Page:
Spiezle said that such questions and issues are currently “uncharted waters” in the consumer space. And, in fact, issues related to data collection and disclosure in connection to smart appliances have already come to the fore. In 2014, device maker LG issued a firmware update for its SmartTVs that disabled the “connected” features of the device if users would not agree to lengthy new Terms of Service and Privacy Agreements. The revised documents granted LG permission to monitor and record their viewing habits and their interactions with the device, including voice commands.

The terms of that monitoring were spelled out in lengthy “Legal Notice,” “Terms of Use” and “Privacy Policy” documents that appeared when SmartTV users first attempt to access the non-broadcast viewing options on their devices.

Consumers were also dismayed to learn that Samsung smart TVs could capture ambient audio collected from its customers and transmit that to “third parties” – in essence: a kind of eavesdropping. As with LG, Samsung explained the data collection only in the Terms of Service that consumers must agree to before operating the home appliance.

Under the new OTA guidelines (PDF), manufacturers and retailers would need to spell out any data collection and sharing on device packaging, so consumers can make informed decisions about which products to buy. Beyond that, any default personal data sharing would be limited to third parties or service providers who agree to confidentiality and to limit use of the data to specified purposes such as supporting product features and functionality.

Spiezle said that retail buyers who must choose among dozens or scores of competing devices often don’t know to ask about issues like data collection, device security and privacy protections. The OTA guidelines give those firms a checklist to refer to.

And OTA is focusing on what it calls “sustainability,” as well, noting that – especially in the home appliance market – devices might have useful lives measured in decades, not the two or three-year life spans common in much of the consumer electronics marketplace.

“We’re asking manufacturers to think about how these devices will be managed over time,” Spiezle said. “How will you notify consumer that a patch is available? Will that happen when they register a device?” Spiezle offered as examples of the kinds of questions IoT device manufacturers would be expected to be able to answer.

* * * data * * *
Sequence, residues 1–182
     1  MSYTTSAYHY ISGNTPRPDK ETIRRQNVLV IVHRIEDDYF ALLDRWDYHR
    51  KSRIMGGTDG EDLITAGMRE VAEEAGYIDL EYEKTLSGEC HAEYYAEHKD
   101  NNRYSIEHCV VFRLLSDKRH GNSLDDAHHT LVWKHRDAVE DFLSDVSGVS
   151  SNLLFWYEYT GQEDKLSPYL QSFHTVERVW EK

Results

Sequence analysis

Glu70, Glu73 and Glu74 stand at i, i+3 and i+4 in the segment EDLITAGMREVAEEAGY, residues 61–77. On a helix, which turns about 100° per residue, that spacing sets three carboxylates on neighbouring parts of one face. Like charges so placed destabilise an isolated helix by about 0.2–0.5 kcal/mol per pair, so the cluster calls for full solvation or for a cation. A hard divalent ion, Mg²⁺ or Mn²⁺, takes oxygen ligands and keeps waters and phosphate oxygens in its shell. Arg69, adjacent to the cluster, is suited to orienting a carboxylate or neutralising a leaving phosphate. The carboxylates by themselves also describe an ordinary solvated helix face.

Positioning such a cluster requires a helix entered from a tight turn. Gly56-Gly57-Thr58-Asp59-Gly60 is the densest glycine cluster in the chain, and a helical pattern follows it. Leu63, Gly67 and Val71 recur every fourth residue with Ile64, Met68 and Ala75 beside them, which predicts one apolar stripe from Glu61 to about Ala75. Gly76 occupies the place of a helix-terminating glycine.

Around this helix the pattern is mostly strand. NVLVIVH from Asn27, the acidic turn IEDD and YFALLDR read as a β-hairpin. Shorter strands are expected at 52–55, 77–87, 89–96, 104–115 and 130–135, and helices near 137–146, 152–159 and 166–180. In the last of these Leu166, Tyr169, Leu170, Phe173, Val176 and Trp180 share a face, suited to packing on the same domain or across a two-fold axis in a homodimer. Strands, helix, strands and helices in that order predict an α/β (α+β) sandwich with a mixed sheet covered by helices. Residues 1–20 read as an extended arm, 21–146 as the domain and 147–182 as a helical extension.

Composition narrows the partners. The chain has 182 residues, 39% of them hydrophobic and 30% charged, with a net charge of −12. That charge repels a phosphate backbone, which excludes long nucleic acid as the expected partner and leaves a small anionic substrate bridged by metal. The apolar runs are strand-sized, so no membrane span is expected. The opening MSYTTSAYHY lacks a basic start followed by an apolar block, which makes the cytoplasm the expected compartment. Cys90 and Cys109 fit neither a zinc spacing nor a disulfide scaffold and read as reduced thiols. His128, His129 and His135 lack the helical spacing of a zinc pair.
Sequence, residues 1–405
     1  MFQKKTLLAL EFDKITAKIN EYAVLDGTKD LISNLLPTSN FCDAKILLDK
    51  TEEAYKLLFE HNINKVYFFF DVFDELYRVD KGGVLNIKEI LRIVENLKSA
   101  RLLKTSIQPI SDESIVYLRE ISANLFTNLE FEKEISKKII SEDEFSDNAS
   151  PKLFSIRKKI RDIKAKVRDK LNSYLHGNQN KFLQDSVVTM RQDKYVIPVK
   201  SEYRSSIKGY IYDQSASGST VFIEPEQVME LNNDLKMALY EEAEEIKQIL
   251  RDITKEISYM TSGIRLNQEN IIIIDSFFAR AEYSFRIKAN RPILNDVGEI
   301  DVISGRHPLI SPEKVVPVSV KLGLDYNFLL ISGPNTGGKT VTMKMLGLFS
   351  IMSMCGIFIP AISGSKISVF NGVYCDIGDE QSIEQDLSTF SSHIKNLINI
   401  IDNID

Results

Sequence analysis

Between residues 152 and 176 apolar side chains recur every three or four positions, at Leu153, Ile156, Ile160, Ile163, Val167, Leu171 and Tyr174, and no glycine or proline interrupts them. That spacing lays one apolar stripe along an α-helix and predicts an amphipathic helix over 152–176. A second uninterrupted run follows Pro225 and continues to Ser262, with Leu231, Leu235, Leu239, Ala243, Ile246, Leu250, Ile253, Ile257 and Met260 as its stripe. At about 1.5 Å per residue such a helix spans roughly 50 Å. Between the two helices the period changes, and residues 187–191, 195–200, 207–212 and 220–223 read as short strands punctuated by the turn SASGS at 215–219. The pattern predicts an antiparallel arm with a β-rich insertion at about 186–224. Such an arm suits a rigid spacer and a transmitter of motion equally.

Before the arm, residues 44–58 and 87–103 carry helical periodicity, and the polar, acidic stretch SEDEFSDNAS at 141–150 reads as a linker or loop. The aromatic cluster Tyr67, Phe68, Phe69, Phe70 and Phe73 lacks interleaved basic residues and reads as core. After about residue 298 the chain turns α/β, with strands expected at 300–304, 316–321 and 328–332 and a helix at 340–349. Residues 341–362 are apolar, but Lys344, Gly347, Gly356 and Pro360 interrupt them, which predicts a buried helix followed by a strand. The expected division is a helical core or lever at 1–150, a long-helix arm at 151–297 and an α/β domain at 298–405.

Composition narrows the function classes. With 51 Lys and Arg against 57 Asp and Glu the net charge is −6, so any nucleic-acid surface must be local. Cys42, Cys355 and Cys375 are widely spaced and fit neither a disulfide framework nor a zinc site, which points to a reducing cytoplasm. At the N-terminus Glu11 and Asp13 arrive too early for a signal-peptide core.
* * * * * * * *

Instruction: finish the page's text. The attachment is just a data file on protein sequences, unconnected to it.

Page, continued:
Device makers would also need to disclose if the user has the ability to remove or purge personal and sensitive data when they sell or stop using a device. Such features should be available at no charge to the owner, the OTA said.

Spiezle acknowledged that the risk posed by a vulnerable home thermostat or garage door opener was low. However, the aggregate effect of abandoned and connected devices could be dire. “What happens when you have 100,000 garage door openers or thermostats that are no longer supported?”  Speizle said it is not far-fetched to imagine an attack on widely deployed but unsupported and insecure home automation technologies as a way to sow chaos or disruption as part of a coordinated terrorist attack.

Despite the recent attention to connected vehicles, however, OTA is staying away from that category of product. Spiezle said that the safety of connected vehicles is already overseen by multiple federal agencies, making recommendations from the OTA superfluous.

The group is soliciting feedback on the framework for 30 days. After that, members will work to consolidate their recommendations and then release the framework. “This is version one,” said Speizle. “The goal is to raise awareness for consumers and businesses alike.”